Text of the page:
There is much evidence that heavy alcohol consumption is associated with an increased risk of atrial fibrillation.
A recent Danish study on the connection between alcohol consumption and atrial fibrillation examined the issue among 22,528 men and 25,421 women over a six-year period. The study included a large number of cases with atrial fibrillation and in-depth information on potential confounding factors.
The results yielded a modest increase in atrial fibrillation with men drinking more than two drinks per day but there was no association found with alcohol consumption by women and a risk of atrial fibrillation. However, there are flaws to this meta-analysis due to many different factors. The study contained varying definitions for categories of alcohol consumption with the highest number of drinks varying in quantity.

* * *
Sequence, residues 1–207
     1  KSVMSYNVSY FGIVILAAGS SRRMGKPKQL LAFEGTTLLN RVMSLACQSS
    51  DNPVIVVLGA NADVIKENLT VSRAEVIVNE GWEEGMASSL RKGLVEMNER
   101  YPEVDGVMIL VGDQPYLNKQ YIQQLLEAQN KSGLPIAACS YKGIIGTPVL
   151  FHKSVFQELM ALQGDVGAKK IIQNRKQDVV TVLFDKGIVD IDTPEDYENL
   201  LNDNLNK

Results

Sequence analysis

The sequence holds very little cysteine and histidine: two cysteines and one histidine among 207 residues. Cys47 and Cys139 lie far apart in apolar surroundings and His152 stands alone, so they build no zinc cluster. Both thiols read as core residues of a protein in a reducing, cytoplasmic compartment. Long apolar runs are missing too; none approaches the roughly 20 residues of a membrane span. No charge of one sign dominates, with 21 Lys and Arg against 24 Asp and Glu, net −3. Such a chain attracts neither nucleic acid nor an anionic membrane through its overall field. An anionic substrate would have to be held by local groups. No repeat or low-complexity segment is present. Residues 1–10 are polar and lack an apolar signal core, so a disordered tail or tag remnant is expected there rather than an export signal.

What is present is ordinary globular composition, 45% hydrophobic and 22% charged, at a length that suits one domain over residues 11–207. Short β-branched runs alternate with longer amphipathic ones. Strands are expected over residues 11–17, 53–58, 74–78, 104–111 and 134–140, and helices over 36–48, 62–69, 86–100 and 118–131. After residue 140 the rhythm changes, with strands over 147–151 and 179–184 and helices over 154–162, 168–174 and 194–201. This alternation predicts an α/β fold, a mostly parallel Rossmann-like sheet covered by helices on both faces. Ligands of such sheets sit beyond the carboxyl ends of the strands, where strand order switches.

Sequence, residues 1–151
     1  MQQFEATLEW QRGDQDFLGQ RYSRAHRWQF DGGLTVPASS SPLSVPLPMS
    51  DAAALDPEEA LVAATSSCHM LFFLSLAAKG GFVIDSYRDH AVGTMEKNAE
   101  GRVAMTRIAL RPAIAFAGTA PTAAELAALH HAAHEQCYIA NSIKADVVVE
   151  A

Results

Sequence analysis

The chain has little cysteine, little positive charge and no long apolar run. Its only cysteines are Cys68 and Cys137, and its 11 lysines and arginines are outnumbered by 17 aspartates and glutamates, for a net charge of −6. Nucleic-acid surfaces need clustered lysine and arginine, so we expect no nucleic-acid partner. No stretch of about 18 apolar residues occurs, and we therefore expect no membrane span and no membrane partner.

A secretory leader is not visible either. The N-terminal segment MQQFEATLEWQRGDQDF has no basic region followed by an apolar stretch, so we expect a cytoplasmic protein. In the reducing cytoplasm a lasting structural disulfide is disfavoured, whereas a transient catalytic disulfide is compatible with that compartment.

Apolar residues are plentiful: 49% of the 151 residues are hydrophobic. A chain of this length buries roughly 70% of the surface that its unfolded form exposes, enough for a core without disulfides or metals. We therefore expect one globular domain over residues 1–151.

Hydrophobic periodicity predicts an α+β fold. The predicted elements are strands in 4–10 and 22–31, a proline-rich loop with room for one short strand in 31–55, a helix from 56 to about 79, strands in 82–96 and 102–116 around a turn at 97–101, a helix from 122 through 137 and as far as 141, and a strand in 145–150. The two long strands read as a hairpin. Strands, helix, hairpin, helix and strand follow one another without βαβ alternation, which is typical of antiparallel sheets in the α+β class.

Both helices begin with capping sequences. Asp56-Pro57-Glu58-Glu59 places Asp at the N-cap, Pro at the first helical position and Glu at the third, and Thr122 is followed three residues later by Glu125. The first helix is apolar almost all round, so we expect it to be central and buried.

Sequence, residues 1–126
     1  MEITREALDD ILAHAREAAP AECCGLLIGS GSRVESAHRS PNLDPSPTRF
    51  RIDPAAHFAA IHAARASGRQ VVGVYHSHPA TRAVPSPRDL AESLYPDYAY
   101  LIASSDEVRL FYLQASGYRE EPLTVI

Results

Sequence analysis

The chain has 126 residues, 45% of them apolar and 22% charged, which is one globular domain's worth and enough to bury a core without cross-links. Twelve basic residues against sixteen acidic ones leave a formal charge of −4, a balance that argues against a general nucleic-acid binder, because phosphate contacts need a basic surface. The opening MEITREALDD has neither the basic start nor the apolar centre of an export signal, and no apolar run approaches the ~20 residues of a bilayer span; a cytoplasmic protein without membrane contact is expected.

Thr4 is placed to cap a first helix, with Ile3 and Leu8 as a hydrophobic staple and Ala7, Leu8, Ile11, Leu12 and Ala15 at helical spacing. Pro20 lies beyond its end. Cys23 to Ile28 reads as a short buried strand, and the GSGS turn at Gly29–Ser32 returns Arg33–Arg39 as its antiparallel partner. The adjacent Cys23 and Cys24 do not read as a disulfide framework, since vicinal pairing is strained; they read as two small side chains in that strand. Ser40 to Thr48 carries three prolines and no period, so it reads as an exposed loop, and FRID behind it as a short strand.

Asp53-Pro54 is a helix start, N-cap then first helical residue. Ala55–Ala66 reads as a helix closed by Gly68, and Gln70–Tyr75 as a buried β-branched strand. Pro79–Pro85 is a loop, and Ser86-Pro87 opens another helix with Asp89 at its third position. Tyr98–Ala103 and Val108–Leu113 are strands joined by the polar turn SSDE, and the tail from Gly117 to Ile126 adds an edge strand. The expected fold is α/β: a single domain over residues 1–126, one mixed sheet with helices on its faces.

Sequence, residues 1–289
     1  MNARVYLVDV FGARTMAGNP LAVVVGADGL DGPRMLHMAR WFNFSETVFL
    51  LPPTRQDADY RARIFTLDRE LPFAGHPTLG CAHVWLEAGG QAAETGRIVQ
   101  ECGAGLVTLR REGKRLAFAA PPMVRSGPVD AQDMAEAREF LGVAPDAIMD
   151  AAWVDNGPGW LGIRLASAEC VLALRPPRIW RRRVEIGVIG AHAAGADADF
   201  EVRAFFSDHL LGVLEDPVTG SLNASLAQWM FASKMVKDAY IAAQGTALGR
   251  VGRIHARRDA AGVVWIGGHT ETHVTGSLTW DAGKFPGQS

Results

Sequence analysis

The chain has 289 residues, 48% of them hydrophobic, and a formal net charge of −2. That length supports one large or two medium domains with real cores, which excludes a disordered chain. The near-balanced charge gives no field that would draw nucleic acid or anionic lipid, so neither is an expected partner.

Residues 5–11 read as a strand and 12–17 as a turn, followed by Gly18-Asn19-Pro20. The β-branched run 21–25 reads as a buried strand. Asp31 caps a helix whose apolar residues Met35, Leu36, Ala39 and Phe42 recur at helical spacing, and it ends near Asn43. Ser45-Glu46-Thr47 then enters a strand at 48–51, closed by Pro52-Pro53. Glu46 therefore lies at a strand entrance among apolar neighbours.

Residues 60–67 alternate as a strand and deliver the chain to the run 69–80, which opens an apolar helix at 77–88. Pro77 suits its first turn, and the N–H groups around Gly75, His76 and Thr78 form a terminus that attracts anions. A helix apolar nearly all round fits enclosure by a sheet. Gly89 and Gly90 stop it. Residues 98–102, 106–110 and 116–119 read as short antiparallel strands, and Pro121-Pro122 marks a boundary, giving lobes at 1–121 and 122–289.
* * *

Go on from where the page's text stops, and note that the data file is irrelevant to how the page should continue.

There is much evidence that heavy alcohol consumption is associated with an increased risk of atrial fibrillation, among other health risks. Yet, there is a difference between moderate and heavy alcohol consumption, with patterns of consumption often not being addressed, but binge drinking is associated with a greater incidence of arrhythmias, namely atrial fibrillation.
While scientific evidence from many studies suggests that heavy drinking may increase the risk of atrial fibrillation, in is not likely that light-to-moderate intake increases the same risk.
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